Catholic Line Art: Creating the Cover Art for the 2023 Source & Summit Missal
Sep 16, 2022
It seems to me that we would be hard pressed to find a person, having come across the 2023 Source & Summit Missal, who would not be attracted and drawn in by the striking image of Christ the High Priest on the cover. Notice the gravity and intelligence in his piercing eyes, his erect and stately posture, the striking rays of divine light bursting forth from his person. The remarkable sharpness of contrast in simple lines: light . . . and dark. Isn’t it amazing that the way things are in the material world corresponds in large part to the way our human eyes work? A marvel of God’s creation and a hint of his desire to be seen and known. I understand that there are over two million working parts in the human eye (second only to the human brain in complexity). If you’ll pardon the pun, it’s clear that we are designed to encounter reality through image. Now, admittedly, I am partial to this way of thinking and to this particular image of Christ the High Priest. It was created by Ruth A. Stricklin (my wife), and images are our business. We are New Jerusalem Studios, a liturgical art and design studio in the heart of Phoenix, Arizona. So yes, I’m partial, but still, the centrality of image in our lives of faith is well worth recalling.
What About Images?
Appreciating the image in our Catholic tradition begins and ends with the Logos, the Word made Flesh. In the fullness of time, “the Word became flesh and dwelt among us, full of grace and truth; we have beheld his glory, glory as of the only Son from the Father” (Jn. 1:14). In Jesus, what was unthinkable in the thousands of years of history of God’s relationship with Israel was now radiantly clear: in Jesus, God allows Himself to be seen face to face. In St. Paul’s words, “He is the image of the invisible God, the first-born of all creation.”
In the economy of salvation, Jesus is the image, par excellence, the perfection and fullness of the pattern of all creation and redemption. In the beginning, God said “Let there be light.” With this first act of creation, the invisible God becomes manifest in material form, in the order, grandeur, and multiplicity of creation. Every dimension of time, space and habitat are ordained by God to be means of revealing and sharing his divine life with us.
Creation is the first image, revealing the mind of the creator, the Logos: “He was in the beginning with God; all things were made through him, and without him was not anything made that was made” (Jn. 1:3-4). Notice, then, that it was through visual perception that “Eve saw that [the fruit] was good for food and pleasing to the eye.” With the original sin, man ceases to be able to see God face to face, separating himself from this intimate sharing of divine life through creation and man’s own personhood. But as the Bible tells us, God did not abandon his creation, but set about drawing man back to himself. In the same economy of his creation, he uses visible signs - the bow in the sky, pillars of cloud and fire, circumcision, the law, the prophets, the Temple, and so forth.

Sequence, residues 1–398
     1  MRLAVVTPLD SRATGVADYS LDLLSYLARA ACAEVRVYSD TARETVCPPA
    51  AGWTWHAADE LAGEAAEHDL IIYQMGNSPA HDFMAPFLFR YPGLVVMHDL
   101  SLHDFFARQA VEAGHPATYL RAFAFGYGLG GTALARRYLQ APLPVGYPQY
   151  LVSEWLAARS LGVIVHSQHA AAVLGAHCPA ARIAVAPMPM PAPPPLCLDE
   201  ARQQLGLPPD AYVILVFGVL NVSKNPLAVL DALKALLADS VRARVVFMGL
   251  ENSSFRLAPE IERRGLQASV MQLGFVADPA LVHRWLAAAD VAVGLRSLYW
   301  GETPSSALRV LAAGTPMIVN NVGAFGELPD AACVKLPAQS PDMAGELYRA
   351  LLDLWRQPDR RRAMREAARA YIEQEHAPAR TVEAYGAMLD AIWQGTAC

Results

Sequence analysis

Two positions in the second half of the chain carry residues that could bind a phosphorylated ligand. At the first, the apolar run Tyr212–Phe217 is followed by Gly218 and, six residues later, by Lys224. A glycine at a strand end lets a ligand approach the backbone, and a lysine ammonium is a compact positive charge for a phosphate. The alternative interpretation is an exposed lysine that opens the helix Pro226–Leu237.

“In many and various ways, God spoke of old to our fathers by the prophets; but in these last days he has spoken to us by a Son, whom he appointed the heir of all things, through whom also he created the world. Christ reveals the glory of God and bears the very stamp of his nature” (Heb. 1:1-3). In Jesus, God has a human face. He is Emmanuel, close, immanent, in a clear way, no longer only transcendent and in shadow, but radiant, attractive. “Come and see,” he says to Phillip at the beginning of his public ministry. In the person of Jesus, the transcendent God takes human form in the “stuff” of creation—carbon, magnesium, calcium—and imbues it with supernatural power. In this tangible form, Jesus reveals and makes truly present to our eyes God himself, his love, and his saving action. In Jesus, God’s revelation, shadowy in the Old Testament, now becomes visibly radiant. Through the incarnation, transfiguration, and in the visual appearances of Christ after the resurrection, the glory of God shines through the visual image of the incarnate Word.
Book of Kells, (Latin: Codex Cenannensis; Irish: Leabhar Cheanannais; Dublin, Trinity College Library, MS A. I. C. 800 AD)
The Sacramental Nature of Reality